FILE - In this Nov. 8, 2011, file photo, a Blackberry employee holds a mobile phone of Blackberry in Berlin. Research In Motion (RIM) made another step towards the release of its new BlackBerry smartphones on Monday, Nov. 12, 2012, announcing that it plans to unveil the devices and its new operating system on Jan. 30. (AP Photo/dapd, Berthold Stadler)
TORONTO — Research In Motion said Monday that it will hold an official launch event for its new BlackBerry 10 smartphones on Jan. 30. The new phones are seen as critical to RIM's survival.
The Waterloo, Ontario-based company said Monday details on the much-delayed smartphones and their availability will be announced at the event.
The announcement comes as the company struggles in North America to hold onto customers who are abandoning BlackBerrys for flashier iPhones and Android phones.
RIM's current software is still focused on email and messaging, and is less user-friendly, agile and robust than iPhone or Android. Its attempt at touch screens was a flop, and it lacks the apps that power other smartphones. RIM is hanging its hopes on the BlackBerry 10 software. It is thoroughly redesigned for the touchscreen, Internet browsing and apps experience that customers now expect. The Canadian company said the launch event will happen simultaneously in multiple countries.
Jefferies analyst Peter Misek called it a make-or-break product release and said the date of the launch event suggests a release date in mid- to late February or in March.
A full touchscreen device is expected to be released first followed shortly after by a physical keyboard version.
BGC Financial Partners analyst Colin Gillis said the new phones won't be dead on arrival as some analysts have said because RIM hasn't lost the corporate market completely.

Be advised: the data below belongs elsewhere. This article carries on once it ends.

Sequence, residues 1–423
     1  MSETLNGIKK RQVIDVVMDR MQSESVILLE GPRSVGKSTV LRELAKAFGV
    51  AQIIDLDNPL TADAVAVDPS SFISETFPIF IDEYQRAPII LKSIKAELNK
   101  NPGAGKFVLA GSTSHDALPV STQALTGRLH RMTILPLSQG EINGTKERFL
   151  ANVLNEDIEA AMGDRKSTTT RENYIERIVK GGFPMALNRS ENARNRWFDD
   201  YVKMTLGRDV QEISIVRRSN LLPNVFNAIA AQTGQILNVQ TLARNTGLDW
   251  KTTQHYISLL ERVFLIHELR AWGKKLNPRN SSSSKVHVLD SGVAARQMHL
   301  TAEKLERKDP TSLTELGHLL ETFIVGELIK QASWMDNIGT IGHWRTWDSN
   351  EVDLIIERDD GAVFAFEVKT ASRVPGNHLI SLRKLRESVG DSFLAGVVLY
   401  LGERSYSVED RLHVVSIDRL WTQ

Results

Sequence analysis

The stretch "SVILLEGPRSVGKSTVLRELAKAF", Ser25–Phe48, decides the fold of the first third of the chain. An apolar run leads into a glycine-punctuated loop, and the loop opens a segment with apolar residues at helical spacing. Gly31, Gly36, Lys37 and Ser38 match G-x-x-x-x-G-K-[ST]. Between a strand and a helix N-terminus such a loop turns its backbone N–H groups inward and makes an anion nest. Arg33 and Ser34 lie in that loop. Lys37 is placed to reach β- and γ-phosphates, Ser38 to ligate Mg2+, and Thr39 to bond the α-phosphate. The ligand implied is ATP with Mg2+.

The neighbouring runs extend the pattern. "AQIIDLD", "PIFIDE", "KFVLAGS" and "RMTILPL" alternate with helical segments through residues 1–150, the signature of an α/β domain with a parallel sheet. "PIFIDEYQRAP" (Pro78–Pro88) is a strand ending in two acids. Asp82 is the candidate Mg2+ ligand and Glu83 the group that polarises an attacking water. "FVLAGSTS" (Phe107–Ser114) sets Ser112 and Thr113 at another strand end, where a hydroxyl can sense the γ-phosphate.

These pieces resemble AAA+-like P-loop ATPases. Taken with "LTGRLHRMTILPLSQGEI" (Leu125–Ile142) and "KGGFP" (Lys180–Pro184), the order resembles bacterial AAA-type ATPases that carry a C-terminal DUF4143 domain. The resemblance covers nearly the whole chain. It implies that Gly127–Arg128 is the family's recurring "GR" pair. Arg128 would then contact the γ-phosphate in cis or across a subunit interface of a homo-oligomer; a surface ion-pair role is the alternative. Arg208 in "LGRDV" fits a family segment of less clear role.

“Is 10 going to be the solution to retain that marketplace? We'll have to wait and see,” Gillis said. “It's great they set a date, but the challenges are still formidable. It's not an issue of initial demand. It's an issue of sustained demand.”
Gillis noted that RIM's launch of a tablet initially went OK but then demand fell sharply. RIM's tablet, the Playbook, uses software on which the BlackBerry 10 will be based.
RIM said last month the new BlackBerrys are being tested by 50 wireless carriers around the world.
Thorsten Heins, who took over as CEO in January after the company lost tens of billions in market value, had vowed to do everything he could to release BlackBerry 10 this year but said in June that the timetable wasn't realistic. Heins says he can turn things around with BlackBerry 10.
The new BlackBerrys will be released after the holiday shopping season and well after Apple's launch of the iPhone 5, expected to be Apple's biggest product introduction yet.
RIM's platform transition is also happening under a new management team and as RIM lays off 5,000 employees as part of a bid to save $1 billion.
RIM was once Canada's most valuable company with a market value of more than $80 billion in 2008, but the stock has plummeted since, from over $140 per share to around $8. Its decline evokes memories of Nortel, another former Canadian tech giant, which declared bankruptcy in 2009.
Shares of RIM rose 14 cents, or 1.6 percent, to $8.68 in morning trading in New York after rising as high as $9.07 earlier.